But while building upon those ignoble foundations, this new conservative mindset amounts to something else.

You see, those on the right wing who despise Latinos (and there are many) aren’t just motivated by personal gain. They are true believers, who sincerely think America is doomed if Hispanics continue to increase their political, cultural, and demographic influence. To this contingent, the “browning” of America is the beginning of its end.


But what if this never happens? What if recent Latino immigrants become an integral and beneficial part of American society, just as so many other immigrant classes have?


In that case, a lot of conservative leaders have wasted a great deal of energy on nothing. Their predictions have failed to come true. And all that screaming and ranting and raving added up to nada.

Nobody wants to see his or her life’s work rendered irrelevant, or worse, dismissed as histrionic, wrong-headed idiocy.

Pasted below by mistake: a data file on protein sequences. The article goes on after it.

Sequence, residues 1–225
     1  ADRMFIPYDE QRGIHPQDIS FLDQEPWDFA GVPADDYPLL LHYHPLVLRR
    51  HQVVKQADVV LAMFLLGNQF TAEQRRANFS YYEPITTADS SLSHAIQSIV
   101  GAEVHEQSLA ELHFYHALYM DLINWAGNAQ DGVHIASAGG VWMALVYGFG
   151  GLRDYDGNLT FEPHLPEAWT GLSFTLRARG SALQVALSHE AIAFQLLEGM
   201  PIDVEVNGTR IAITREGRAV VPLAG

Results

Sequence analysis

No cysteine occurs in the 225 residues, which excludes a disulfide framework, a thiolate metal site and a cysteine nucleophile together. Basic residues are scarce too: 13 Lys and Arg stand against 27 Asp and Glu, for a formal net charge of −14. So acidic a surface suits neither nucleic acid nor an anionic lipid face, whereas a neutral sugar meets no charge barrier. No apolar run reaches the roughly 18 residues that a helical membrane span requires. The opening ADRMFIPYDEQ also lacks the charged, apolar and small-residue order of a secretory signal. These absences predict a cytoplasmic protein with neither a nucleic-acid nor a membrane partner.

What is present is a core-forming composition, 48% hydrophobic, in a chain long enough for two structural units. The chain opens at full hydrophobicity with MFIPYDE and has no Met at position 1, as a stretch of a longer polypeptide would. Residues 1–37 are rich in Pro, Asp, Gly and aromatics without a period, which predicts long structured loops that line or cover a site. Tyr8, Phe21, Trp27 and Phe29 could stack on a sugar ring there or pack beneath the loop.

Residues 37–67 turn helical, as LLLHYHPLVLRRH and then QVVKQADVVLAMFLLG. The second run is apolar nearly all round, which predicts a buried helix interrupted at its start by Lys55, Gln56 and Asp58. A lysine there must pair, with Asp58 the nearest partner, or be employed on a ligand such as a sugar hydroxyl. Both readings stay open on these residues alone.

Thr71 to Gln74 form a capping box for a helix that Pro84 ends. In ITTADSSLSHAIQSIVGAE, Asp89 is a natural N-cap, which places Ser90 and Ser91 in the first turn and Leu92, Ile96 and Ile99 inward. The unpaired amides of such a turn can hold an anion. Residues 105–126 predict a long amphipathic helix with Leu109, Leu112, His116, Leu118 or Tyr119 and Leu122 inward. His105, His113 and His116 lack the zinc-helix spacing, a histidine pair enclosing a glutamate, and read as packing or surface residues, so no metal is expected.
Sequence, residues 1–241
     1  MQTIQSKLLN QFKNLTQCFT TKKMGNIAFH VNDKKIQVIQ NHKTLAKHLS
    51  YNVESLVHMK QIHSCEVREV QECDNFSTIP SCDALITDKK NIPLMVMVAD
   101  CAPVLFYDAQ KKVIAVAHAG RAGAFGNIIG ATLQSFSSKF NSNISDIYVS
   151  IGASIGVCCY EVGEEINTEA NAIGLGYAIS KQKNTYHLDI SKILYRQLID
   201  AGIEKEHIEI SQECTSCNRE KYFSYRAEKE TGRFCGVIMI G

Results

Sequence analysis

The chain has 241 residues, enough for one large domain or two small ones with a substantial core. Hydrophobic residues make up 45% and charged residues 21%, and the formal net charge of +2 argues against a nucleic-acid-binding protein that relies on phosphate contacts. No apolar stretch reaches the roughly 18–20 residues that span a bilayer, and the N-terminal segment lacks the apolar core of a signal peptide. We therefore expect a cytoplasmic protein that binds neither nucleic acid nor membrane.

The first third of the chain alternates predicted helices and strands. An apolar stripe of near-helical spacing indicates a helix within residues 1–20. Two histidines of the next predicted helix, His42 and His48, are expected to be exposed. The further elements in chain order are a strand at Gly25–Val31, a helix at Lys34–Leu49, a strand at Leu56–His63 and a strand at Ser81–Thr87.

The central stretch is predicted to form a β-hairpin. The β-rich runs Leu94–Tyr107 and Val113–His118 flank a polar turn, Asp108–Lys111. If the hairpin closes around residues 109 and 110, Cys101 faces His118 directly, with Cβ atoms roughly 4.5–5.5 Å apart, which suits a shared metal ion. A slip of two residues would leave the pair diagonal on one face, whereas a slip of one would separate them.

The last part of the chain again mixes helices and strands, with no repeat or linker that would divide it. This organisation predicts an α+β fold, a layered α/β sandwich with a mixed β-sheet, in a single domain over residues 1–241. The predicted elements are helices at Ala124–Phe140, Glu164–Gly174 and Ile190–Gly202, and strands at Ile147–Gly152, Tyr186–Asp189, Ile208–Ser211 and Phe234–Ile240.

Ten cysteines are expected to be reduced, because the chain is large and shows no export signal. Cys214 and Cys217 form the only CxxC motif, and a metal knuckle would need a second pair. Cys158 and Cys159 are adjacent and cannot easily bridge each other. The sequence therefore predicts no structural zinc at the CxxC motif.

To prevent that, many conservatives have morphed into extreme preppers, warning everyone of the coming Armageddon, while secretly hoping that it will arrive right on time to prove them correct.

The good news for right-wing preppers is that they have an inexplicable degree of influence in this country. So instead of working to prevent the coming apocalypse, they can help to usher it in, via self-fulfilling prophecies and overt policy decisions.

For example, Latinos have lower graduation rates than other ethnicities, so rather than improve public education, right-wing preppers try to gut it.


Hispanics have higher rates of poverty, so rather than balance the playing field, right-wing preppers reinforce an economic system that is rigged for the upper classes.


Latinos have limited socioeconomic power, so rather then look at institutional barriers, right-wing preppers deny that racism even exists.

Yes, there’s lots of ways to ensure that we get the America that some conservatives envision — the future that they supposedly fear but are weirdly attracted to at the same time.

Fortunately for me, I’ve made back-up plans. You see, I’ve recently built this secret bunker stocked with guns and water, and when the time comes…

Never mind, I’ve said too much.

The Future’s Uncertain

I recently waxed ecstatic about California, the state I live in. I do indeed love living here, but I never claimed that it was perfect.